Will Dominik Szoboszlai Be The Next Naby Keita?
Curtis Jones: A Promising Rising Star
It’s been a good few months for Curtis Jones. The 22-year-old was prominent in the 11-game unbeaten run that closed out the season and his performances at the Under-21s Euros have been impressive. If he played for Dortmund or Napoli the transfer ultras would be demanding that FSG buy him.
One of football’s clichés is that you shouldn’t sign a player on the basis of a tournament. Likewise, anyone thinking that Jones’ displays in getting England to the final against Spain means Liverpool don’t need to bring in another midfielder is delusional. That department is still a man short.
Alexis Mac Allister and Dominik Szoboszlai: Promising yet Unpredictable
Alexis Mac Allister is a proven operator in the Premier League. He can come in and hit the ground running. We know this because we’ve seen what he did at Brighton.
Things are different for Dominik Szoboszlai. It may take the Hungarian a little time to adapt to life on Merseyside and a division that’s significantly quicker and more physical than the Bundesliga. Naby Keita made the same journey from Leipzig to Anfield and never got the pace of the game. The 22-year-old is clearly talented but there are no guarantees that he will be effective from the off.
So far, the summer rebuild is going well. Both midfield signings offer plenty of promise. The spending has been judicious, too. In this market, getting these two players for less than £100 million represents good business. More work needs to be done before John W Henry closes the chequebook, though.
Current Squad Potential: The Struggle for Regular Starters
It could be that Fabinho emerges from the close season something like his old self but, the Brazilian aside, it’s hard to see anyone in the squad that ended the campaign in May with the potential to be a regular starter.
If Jones goes on to become one of the anchors of the team, it will be a bonus. The more Scousers in the side, the better. His versatility gives Jurgen Klopp plenty of options.
The Need for Reinforcements and Financial Investment
Even so, the midfield needs reinforcing. To get where Liverpool want to be – in the Champions League – it feels like somewhere near another £100 million needs to be spent. This is not the time for cutting corners. The fight for the top four will be even more intense in the coming months.
Hopefully Jones will lead the team back into Europe’s richest competition but he’ll need more help. Liverpool have been clever in the market so far. More please.
Thiago: The Possibility of Parting Ways
If an offer comes in for Thiago, it’d make sense to accept it. His contract is up in a year’s time and it’s hard to see a scenario where the 32-year-old will get an extension. Too many players have walked away on frees at the end of their deals in recent years.
No one can fault his effort. He is never shy of putting in a shift yet it feels like his passing range was never utilised to its full extent. It’s probably time to move on – for both Thiago and the club.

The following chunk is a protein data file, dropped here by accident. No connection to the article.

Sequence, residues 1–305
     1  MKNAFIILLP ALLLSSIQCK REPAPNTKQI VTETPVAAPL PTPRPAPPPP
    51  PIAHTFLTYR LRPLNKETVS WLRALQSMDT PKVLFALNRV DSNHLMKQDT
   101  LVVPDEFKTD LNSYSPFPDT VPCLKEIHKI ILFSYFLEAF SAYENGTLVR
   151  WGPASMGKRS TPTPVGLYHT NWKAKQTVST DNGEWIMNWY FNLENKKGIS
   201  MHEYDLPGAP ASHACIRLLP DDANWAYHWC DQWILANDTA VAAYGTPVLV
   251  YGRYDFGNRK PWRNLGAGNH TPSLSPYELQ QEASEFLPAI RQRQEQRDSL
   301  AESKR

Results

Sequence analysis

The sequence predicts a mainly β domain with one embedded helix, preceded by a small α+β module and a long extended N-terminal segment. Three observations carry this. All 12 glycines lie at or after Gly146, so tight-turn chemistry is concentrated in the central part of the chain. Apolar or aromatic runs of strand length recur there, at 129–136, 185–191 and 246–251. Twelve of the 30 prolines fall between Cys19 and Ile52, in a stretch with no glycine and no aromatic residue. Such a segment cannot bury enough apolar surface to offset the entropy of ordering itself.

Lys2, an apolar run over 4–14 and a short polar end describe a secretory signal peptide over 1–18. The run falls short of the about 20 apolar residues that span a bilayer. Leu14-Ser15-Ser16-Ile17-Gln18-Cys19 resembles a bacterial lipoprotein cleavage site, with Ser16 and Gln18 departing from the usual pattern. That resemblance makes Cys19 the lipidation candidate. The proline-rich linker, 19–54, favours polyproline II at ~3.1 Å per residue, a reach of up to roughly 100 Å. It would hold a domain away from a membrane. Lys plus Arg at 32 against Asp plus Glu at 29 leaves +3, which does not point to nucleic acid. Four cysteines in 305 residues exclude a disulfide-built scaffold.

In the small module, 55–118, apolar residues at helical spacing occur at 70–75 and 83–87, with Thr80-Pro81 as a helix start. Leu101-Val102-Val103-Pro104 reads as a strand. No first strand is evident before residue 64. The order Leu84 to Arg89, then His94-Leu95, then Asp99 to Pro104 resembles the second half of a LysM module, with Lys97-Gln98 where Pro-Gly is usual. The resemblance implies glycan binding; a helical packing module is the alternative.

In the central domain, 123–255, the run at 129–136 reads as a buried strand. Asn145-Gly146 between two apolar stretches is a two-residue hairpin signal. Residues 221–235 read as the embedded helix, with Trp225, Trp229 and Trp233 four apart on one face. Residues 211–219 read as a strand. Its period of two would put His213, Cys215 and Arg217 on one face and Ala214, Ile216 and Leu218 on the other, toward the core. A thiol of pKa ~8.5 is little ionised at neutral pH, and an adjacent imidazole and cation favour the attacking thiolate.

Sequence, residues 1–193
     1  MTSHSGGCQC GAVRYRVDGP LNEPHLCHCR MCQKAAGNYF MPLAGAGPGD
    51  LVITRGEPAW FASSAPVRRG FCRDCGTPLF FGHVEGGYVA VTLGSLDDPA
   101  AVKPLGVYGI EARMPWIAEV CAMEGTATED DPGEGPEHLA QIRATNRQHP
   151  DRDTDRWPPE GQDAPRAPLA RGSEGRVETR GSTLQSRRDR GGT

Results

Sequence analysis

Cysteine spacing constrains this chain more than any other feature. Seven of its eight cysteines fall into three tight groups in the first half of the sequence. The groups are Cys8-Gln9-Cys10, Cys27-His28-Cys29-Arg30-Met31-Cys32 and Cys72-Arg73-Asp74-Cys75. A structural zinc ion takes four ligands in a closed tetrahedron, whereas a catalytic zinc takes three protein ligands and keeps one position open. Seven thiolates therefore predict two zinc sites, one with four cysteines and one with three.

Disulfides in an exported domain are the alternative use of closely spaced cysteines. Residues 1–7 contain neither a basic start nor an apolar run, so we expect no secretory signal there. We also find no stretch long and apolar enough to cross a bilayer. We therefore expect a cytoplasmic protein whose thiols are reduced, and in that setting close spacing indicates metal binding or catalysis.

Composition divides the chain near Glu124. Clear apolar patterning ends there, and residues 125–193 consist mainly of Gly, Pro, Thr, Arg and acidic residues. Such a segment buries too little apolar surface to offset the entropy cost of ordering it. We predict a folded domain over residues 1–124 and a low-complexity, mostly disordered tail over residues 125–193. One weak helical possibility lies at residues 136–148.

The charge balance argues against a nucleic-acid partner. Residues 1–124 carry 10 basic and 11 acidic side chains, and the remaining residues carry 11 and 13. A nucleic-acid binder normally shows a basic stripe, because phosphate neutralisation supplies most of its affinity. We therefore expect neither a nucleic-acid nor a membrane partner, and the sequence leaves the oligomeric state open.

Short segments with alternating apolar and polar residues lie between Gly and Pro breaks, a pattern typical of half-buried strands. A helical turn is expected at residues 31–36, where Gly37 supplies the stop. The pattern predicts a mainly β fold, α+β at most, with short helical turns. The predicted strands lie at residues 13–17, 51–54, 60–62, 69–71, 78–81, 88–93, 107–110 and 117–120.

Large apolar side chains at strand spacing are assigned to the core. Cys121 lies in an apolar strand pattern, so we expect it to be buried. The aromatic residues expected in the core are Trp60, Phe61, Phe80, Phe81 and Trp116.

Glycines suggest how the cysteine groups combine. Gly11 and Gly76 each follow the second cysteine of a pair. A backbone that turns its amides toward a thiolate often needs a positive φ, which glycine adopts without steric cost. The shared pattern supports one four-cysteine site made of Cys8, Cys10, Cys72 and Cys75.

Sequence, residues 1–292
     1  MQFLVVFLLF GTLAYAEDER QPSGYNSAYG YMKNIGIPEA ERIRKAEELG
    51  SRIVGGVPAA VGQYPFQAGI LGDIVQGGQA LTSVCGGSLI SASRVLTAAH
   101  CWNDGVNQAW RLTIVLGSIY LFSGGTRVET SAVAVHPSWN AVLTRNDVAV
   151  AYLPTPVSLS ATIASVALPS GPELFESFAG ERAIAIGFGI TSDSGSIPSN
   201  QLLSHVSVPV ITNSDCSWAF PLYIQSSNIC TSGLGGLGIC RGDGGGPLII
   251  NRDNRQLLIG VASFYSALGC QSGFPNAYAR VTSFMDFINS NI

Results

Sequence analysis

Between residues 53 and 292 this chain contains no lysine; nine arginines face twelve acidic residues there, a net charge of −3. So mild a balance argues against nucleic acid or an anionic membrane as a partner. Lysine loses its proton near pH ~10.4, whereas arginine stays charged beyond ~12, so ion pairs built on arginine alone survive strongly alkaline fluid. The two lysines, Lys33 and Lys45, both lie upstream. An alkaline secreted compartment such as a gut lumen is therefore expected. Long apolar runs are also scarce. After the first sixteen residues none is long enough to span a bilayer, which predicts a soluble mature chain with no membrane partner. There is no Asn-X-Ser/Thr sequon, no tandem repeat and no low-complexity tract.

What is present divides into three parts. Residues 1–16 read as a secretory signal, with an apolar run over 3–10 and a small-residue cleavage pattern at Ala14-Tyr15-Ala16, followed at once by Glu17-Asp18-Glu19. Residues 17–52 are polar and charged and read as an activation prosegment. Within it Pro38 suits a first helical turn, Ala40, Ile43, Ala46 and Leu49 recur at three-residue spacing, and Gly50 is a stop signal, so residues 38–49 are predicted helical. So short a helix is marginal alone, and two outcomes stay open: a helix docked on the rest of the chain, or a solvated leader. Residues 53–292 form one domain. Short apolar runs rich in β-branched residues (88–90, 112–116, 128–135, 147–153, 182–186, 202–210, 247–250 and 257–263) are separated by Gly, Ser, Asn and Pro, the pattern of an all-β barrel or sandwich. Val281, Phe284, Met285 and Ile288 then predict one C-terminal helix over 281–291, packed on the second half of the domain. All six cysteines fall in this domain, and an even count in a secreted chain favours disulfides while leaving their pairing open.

Jordan Henderson: An Underappreciated Talent
The level of disrespect aimed at Jordan Henderson never ceases to be amazing. So, I’ll put down here words very similar to what I told John Henry eight years ago before Henderson went on to lift the Premier League and Champions League trophies.
FSG’s headman said, “I’d get rid of him tomorrow.”
My response was to suggest Henry stop following the ball around the pitch and watch what the captain did elsewhere, especially when the opposition had possession. Players who can do highlight-reel stuff are great but a team needs balance. Someone needs to do the dirty work, fill the space and do someone else’s running. Henderson does a lot of that.
When Trent Alexander-Arnold emerged as the main creative hub of the team, Henderson’s role became even more important. His work allowed TAA more freedom to do the stuff that got us off our seats.
“His stats are not impressive,” Henry countered. There was only one answer. When they come up with a metric for use of space when the opposition have the ball, come back to me. And I reminded him that football is not maths. It’s poetry. Of course, the best poetry is underpinned by metre and the rhythmic structure elevates it above a ragged collection of words. But, to get the best out of it, it requires the understanding that sometimes you have to read between the lines to get the most out of it. Don’t just look for the obvious. Embrace the intangibles. That’s true of football, too.
Henderson is now 33. He is coming to the end. If he’s a regular in the team next year, then Liverpool are probably screwed.
But, for the last time, I’ll lay it out. IF. YOU. THINK. JORDAN. HENDERSON. WAS. SHIT. YOU. KNOW. NOTHING. ABOUT. FOOTBALL.
That’s true whether you’re a Boston billionaire, an alehouse bore around Anfield or a twat on Twitter.
Saudi Arabia: A New Destination for Liverpool Legends?
Is Saudi Arabia a care home for Liverpool legends? Robbie Fowler, Steven Gerrard, Bobby Firmino. No more heroes. If you complain about Manchester City’s sportswashing, this must give you a bad taste in the mouth.